Sexless marriage? Maybe your partner is asexual!

Suffering from a case Sexless Marriage Syndrome?
Sexless Marriage Syndrome

Don’t laugh. If you’re living in a sexless marriage and you’re the partner suffering from not getting any, it’s possible you’ve found yourself an asexual mate and don’t know it… and they aren’t aware of it either!

Read closely for more:

First, let’s get some numbers on the table. A sexless marriage is defined as one having sex less than ten times a year.

Around 1% of the population is said to be asexual. That’s about the same as gay and lesbian statistics. Asexuality means, in general terms, no sex.

An asexual person doesn’t require sex or seek any of those lovely sensations allosexuals (those who enjoy coitus) get when being with another person. They simply have no need for sex. Period.

Sexless Marriage and Closeted Asexuals.

Closeted asexuals (like closeted gays or lesbians) often refuse to acknowledge their sexuality. They fear it. They fear judgement – the thoughts of others and themselves. The fear of not being normal or accepted is shared by many humans for all reasons. Sex is a powerful subject to keep hidden from everyone.

Asexuals want relationships too. Sex is automatically included in them, right?

The assumption is that sex will simply fit-in because that’s how it’s supposed to work. There’s a good feeling experienced during the early days of a relationship. It’s easy to confuse the excitement of having a partner to share a life with with the other emotions felt during a sexual encounter. There is a similar sense of happiness but it comes from two completely different sources. The couple wed and never know that one seeks companionship while the other seeks a mate.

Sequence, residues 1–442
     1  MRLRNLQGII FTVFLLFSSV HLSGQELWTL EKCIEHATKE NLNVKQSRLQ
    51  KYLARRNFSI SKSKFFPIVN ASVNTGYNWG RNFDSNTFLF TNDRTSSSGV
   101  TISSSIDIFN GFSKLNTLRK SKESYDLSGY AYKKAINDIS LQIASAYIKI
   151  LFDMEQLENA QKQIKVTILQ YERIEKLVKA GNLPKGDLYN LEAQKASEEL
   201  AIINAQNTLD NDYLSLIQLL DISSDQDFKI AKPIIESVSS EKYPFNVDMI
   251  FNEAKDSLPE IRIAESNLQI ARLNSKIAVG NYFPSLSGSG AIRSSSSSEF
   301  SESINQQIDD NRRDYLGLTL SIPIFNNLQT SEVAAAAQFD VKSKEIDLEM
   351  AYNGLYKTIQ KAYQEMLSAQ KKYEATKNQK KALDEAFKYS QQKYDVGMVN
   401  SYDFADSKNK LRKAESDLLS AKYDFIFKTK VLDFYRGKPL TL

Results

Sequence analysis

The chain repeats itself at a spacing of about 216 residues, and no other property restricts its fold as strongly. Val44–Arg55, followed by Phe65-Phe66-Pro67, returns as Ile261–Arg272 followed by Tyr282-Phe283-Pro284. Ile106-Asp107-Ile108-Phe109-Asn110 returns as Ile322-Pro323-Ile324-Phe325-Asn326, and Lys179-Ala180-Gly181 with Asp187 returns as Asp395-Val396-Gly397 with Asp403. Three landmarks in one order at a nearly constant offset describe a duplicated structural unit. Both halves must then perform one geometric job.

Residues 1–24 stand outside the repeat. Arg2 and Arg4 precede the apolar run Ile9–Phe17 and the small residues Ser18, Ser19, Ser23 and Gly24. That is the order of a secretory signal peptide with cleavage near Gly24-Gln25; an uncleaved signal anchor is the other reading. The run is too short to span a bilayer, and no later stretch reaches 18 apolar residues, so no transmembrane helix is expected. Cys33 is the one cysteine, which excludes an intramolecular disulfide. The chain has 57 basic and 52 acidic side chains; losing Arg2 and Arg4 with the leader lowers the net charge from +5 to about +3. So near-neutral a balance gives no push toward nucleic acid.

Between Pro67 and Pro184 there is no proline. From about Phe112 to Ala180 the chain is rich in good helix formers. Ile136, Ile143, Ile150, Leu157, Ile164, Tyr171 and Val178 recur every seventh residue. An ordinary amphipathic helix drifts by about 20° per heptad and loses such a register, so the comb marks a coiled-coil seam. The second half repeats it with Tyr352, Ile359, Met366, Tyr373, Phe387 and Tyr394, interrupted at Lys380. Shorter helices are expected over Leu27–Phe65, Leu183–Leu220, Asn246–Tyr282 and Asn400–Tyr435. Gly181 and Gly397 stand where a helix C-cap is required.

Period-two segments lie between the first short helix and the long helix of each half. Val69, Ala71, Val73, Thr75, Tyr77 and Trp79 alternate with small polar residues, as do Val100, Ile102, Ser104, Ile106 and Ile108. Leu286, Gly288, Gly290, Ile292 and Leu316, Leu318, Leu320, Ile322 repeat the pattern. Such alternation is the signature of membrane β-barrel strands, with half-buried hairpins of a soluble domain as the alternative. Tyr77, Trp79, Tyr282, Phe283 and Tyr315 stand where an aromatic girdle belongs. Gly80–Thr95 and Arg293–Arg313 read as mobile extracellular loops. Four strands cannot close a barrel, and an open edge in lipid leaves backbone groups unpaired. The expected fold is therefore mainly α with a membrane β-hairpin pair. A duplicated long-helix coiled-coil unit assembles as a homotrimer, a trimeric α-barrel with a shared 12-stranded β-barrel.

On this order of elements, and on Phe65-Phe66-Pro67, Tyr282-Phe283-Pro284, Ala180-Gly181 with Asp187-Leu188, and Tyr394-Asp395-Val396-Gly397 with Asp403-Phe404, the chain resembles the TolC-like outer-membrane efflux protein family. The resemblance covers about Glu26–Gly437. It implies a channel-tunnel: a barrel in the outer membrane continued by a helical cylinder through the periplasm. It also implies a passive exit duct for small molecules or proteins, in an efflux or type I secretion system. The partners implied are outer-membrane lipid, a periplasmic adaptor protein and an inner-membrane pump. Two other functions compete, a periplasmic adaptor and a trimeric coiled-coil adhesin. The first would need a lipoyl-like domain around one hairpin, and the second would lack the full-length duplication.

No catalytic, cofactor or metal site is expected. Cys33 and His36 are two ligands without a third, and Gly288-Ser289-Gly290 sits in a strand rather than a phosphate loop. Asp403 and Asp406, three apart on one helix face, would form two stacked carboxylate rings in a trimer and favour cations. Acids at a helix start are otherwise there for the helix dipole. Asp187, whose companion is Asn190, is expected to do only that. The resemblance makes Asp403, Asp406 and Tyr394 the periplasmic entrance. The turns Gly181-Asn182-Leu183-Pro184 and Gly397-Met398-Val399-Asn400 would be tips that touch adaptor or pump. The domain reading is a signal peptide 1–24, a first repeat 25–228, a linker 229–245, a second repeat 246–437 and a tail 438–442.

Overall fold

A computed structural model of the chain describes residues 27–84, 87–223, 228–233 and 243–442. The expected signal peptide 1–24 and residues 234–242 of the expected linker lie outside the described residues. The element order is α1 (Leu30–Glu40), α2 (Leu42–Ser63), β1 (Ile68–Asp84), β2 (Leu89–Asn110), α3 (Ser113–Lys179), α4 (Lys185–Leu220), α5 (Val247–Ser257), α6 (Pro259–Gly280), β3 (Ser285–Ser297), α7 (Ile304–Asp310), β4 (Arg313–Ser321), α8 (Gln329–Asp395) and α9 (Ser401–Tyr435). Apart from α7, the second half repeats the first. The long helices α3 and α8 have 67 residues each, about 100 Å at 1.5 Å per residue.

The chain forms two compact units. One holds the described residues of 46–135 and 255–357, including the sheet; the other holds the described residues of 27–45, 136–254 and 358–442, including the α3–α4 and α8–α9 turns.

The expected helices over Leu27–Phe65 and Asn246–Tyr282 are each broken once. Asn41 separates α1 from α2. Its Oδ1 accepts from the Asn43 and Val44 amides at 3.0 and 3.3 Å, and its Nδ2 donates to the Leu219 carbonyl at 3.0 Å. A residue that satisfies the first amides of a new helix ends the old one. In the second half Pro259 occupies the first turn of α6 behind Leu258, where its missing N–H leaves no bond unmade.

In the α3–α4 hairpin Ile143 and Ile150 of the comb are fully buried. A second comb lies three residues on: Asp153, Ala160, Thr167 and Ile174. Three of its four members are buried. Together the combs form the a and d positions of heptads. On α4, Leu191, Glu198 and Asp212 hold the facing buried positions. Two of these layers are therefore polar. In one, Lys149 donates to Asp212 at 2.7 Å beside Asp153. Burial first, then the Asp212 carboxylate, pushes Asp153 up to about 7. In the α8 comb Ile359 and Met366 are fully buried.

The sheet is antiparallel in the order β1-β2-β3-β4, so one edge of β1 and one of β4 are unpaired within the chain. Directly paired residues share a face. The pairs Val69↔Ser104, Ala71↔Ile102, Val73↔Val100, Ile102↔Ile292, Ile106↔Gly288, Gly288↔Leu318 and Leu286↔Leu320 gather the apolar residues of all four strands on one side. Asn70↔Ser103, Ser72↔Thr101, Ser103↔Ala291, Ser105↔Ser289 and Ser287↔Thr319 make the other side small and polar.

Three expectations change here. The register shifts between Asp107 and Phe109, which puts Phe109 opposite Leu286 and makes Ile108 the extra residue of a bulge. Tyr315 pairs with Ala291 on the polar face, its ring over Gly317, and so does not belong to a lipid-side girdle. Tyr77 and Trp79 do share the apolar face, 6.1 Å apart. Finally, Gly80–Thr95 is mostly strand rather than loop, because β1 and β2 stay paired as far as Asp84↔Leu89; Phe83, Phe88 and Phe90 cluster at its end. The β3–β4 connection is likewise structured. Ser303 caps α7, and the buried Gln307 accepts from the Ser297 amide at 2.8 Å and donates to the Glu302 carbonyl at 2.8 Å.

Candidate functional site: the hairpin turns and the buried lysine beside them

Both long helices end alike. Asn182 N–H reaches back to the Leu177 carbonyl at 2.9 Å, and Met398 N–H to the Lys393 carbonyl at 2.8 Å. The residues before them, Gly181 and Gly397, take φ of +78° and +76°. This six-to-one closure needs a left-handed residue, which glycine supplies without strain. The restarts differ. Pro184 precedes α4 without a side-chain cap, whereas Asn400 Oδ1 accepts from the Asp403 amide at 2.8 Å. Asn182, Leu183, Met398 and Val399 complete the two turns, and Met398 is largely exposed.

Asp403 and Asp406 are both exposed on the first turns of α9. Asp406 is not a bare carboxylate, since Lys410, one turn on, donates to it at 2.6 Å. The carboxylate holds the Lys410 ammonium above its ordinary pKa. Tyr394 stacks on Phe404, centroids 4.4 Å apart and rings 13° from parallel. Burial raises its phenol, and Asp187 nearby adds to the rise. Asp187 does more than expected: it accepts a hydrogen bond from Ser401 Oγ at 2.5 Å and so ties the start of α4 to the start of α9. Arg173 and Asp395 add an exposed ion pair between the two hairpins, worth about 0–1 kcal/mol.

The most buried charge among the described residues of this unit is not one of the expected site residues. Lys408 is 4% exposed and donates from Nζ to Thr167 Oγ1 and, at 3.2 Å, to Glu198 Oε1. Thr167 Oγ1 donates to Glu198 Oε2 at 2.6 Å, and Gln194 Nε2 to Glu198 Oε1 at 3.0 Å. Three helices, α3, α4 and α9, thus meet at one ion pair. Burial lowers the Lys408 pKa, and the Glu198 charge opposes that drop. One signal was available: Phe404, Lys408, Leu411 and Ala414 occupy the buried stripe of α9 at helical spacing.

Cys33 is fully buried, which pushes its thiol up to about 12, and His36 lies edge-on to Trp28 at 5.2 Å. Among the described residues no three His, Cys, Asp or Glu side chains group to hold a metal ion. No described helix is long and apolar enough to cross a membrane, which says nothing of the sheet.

A sexless marriage may simply be the result of one person coming to terms with their body’s natural desire not to want coitus. In time, sexual offerings disappear entirely and this is when the differences in a couple’s physical intimacy presents itself.


Asexuality is not a disease to be cured. You can’t repair what’s not broken. The issue is never with with just one half of the couple anyway. It’s about the differences of the individuals within it.

What to do if you’re in a sexless marriage.

Open discussion should be the first port of call. A marriage counsellor will help encourage a balanced, civilised meeting-of-minds. If you’ve been at each other’s throats, they’ll help steer the conversation. It’s then important to keep an open mind to all the options when finding a solution. Remember: You’re half the problem, not the whole. Don’t blame your spouse. Blame isn’t helpful. Acceptance and tolerance is encouraged.


Asexual sexless marriage and children.

You’d think children wouldn’t be a product of a sexless marriage but they are often the result of two people trying to prove something. Again, intimacy is sacrificed over pride. Presenting a facade of normalcy takes precedence. If you’re unsure of how you feel before trying for children, seek professional help.

–Michael Forman (Author of SEETHINGS)

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